Obama Budget Squeezes Medicare—and Wealthier Seniors
President Obama's budget proposal calls for creating a $634 billion fund to overhaul the U.S. healthcare system. Tax increases and Medicare savings would fund the effort, the Wall Street Journal reports. The plan would result in unwelcome changes in the healthcare benefits and costs for some seniors, U.S. News's Michelle Andrews reports. Individuals earning more than $85,000 would reportedly be asked to shell out higher premiums for their Medicare drug coverage starting in 2011, a change that would affect about 2.3 million of the roughly 45 million Medicare enrollees. In addition, the budget proposal would halt the higher payments that the government gives insurers who cover Medicare beneficiaries through private Medicare Advantage plans. That would undoubtedly mean higher premiums and reduced benefits for some of the 10 million or so beneficiaries enrolled in such plans.
Health Officials Push Flu Shots After Deaths of Two Maryland Teens
Health officials are asking people of all ages to get vaccinated against the flu after two Maryland teens died in the past two weeks of flu-related illness, the Washington Post reports. Zachary Weiland, 15, died Sunday while hospitalized in Baltimore, and 13-year-old Ian M. Willis died February 19 while hospitalized in Washington. While there's no reason to believe that this year's flu season is worse than those in years past, the Centers for Disease Control and Prevention reports that the number of infections is beginning to creep up. Last year, 78 people under age 18 died from the flu; this year, nine young people have died from the flu as of February 20, not counting the two Maryland teens.
Researchers think that monoclonal antibodies could be used as a treatment for bird flu and seasonal flu and also as the basis for a vaccine against many different flu strains. But that approach is still being studied, so the annual flu vaccine for now remains the best way to stave off the flu. Even though last season's vaccine was an inexact match for the flu strains that caused most of the illness, it is still worth being vaccinated during such years, health officials say; if you do get the flu, the shot may keep you from getting as sick as you would otherwise and may shorten the duration of your illness. If you're a parent, consider U.S. News reporter Deborah Kotz's take on whether flu vaccines are necessary for kids and Nancy Shute's advice on deciding whether to vaccinate your child against the flu.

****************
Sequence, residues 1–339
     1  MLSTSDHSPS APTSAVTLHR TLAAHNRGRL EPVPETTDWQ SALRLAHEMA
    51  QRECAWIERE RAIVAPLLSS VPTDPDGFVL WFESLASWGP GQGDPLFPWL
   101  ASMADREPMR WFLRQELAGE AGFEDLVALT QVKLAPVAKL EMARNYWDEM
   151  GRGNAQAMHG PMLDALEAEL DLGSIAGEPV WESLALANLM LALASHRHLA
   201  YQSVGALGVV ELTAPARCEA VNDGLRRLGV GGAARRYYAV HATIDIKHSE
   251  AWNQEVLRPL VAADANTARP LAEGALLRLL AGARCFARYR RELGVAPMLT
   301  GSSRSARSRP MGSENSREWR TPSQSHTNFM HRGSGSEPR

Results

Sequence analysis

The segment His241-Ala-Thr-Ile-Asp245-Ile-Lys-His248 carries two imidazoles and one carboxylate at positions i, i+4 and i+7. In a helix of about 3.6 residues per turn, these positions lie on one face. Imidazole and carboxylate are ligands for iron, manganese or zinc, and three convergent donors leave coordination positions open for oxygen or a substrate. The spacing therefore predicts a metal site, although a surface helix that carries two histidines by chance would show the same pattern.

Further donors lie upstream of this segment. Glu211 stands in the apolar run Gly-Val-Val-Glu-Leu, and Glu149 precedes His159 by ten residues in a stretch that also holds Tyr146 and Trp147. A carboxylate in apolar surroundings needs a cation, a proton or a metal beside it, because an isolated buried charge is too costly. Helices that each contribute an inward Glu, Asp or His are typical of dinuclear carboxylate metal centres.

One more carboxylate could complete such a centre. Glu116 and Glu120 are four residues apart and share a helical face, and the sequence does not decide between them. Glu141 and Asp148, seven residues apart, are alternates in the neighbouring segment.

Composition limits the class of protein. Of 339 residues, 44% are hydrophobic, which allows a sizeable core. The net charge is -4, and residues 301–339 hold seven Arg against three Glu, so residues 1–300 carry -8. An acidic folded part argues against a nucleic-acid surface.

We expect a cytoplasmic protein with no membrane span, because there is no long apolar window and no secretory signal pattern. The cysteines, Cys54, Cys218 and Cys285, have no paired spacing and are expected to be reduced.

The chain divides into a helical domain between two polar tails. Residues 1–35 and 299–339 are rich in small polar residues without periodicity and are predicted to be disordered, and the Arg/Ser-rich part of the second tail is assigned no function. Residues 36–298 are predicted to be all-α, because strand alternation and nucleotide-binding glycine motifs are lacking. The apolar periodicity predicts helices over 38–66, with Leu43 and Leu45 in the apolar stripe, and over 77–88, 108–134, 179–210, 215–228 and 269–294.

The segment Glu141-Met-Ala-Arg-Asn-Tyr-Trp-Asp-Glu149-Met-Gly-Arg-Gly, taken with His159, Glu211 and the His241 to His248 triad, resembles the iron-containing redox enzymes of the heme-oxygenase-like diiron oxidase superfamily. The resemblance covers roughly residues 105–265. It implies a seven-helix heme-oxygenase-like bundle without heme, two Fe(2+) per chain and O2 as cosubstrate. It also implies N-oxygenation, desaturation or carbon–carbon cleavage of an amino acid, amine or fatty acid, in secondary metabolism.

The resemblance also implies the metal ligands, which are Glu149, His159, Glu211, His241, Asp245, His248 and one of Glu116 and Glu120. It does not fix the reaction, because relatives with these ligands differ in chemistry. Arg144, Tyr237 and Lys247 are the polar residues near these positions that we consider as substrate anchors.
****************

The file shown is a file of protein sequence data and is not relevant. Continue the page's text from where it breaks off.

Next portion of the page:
Can Irradiating Food Zap Salmonella Outbreaks?
The salmonella outbreak involving peanuts products just keeps on going, and federal officials say it could continue another two years, Nancy Shute reports. With at least 666 people in 45 states sick and nine dead, that's not good news. Could irradiating peanuts with X-rays stop the killer bug? That's just one notion that's being tested to prevent foodborne disease outbreaks. The new technologies—and some controversial old ones, like food irradiation with gamma rays, a high-energy form of electromagnetic radiation—are gaining increased interest as a result of the salmonella outbreak, which has been traced to plants operated by Peanut Corp. of America in Blakely, Ga., and Plainview, Texas.
This salmonella outbreak may be the scariest one yet because it involves peanut butter and peanut paste that are mixed into hundreds of products on supermarket shelves. Robert Tauxe, deputy director of the CDC's Division of Foodborne, Bacterial, and Mycotic Diseases, told U.S. News why this outbreak is raising such loud alarms. Here's how to reduce your risk of becoming ill. Also, updates on Twitter and Facebook make it possible to track the effects of the salmonella outbreak online.
—January W. Payne
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